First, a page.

Pierre Dominique Gaisseau
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Pierre Dominique Gaisseau was a French documentary film-maker best known for his documentary Sky Above and Mud Beneath, which was awarded the first Oscar for a documentary. The film is an account of an expedition into the previously unexplored wilds of the Netherlands New Guinea accomplished in 1959 by a small team of French and Dutch explorers under Gaisseau's leadership, in the area where young Michael Rockefeller later disappeared. The film's images of stone age life and mock birth rituals made indelible imprints on the Western mind, repeated in various art and theater forms.
Gaisseau's films were not limited to remote areas. "Only One New York" contained intimate glimpses of New York City's Roma subculture. After completing a best selling autobiography "Vivre Pour Voir", Gaisseau died in Paris in 1997 of a heart attack. His widow, Kyoko, died in Paris in 2010.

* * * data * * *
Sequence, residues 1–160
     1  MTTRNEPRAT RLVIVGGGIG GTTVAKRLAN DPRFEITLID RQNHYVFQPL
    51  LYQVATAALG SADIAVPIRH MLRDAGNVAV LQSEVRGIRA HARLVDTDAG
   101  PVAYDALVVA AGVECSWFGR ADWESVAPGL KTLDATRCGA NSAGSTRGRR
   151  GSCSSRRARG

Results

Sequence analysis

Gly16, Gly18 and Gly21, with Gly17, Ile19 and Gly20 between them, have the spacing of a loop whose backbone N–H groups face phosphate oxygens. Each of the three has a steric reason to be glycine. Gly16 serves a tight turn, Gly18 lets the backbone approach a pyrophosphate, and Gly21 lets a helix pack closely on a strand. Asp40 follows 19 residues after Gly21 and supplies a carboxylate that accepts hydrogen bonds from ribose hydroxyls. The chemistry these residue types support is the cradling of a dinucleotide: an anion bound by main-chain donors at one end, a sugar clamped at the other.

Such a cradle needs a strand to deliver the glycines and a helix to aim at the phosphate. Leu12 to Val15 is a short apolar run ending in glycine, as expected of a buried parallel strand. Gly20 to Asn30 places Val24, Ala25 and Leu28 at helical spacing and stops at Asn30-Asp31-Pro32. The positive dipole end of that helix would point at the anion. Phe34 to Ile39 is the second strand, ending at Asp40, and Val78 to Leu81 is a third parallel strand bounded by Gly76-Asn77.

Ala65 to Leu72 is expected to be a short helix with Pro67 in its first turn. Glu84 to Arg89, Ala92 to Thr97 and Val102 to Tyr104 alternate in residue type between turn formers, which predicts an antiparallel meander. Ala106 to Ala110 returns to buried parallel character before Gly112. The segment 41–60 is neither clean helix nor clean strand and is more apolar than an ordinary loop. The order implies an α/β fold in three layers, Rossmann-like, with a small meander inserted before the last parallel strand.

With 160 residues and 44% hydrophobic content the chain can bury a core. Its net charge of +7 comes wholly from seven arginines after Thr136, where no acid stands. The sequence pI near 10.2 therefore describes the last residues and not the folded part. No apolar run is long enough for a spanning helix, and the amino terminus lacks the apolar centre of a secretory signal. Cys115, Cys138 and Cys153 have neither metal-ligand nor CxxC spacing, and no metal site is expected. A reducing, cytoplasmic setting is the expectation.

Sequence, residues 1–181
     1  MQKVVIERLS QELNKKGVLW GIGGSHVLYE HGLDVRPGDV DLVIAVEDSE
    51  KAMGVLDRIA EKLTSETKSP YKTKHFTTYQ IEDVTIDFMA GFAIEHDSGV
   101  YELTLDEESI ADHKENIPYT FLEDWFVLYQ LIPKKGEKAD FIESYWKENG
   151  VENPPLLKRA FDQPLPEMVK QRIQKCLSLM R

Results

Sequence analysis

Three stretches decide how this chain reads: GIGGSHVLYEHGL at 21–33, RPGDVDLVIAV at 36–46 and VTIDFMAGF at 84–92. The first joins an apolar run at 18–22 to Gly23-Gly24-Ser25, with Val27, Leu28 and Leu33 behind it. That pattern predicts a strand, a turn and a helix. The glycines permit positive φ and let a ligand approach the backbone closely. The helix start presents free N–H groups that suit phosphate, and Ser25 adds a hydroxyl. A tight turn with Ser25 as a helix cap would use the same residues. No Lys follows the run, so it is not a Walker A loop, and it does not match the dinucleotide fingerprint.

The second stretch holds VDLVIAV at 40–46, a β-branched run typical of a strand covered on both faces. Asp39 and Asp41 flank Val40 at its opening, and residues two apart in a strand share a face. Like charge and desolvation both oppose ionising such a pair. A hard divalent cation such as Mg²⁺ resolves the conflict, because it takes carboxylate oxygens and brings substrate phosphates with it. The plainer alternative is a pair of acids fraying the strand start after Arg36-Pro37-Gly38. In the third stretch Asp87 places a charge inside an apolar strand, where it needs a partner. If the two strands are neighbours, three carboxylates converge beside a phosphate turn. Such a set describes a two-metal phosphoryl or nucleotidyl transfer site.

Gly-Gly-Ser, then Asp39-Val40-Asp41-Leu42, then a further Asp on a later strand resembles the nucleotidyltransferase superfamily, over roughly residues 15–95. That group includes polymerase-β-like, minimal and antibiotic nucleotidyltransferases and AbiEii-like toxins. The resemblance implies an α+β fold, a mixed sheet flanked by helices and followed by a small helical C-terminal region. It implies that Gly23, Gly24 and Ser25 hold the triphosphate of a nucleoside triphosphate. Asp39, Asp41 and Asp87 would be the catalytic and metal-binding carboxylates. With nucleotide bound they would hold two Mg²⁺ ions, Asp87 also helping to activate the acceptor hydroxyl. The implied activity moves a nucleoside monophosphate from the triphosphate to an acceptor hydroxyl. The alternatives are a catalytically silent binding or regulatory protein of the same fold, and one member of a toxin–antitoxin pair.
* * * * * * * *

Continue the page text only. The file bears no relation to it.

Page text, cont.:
Gaisseau's first wife was Anne Marie Fichter with whom he had two children, Catherine and Nicolas. This marriage ended in divorce, and he subsequently married Kyoko Kosaka, with whom he had a daughter, Akiko Gaisseau.
- Forêt sacrée: magie et rites secrets des Toma webGuinée
- Pierre-Dominique Gaisseau on IMDb
- Profile of Pierre Gaisseau from the Association for Cultural Equity
- Audio archives of Pierre-Dominique Gaisseau Unpublished and published audio records collected by Pierre-Dominique Gaisseau (or in collaboration with him) in Africa (Ogooue-Congo Expedition 1946, French Guinea 1952-1953), in South America (Orenoque-Amazone Expedition 1948-1950) and in Papua New Guinea (1952-1957 ?), archives preserved by the French Centre de Recherche en Ethnomusicologie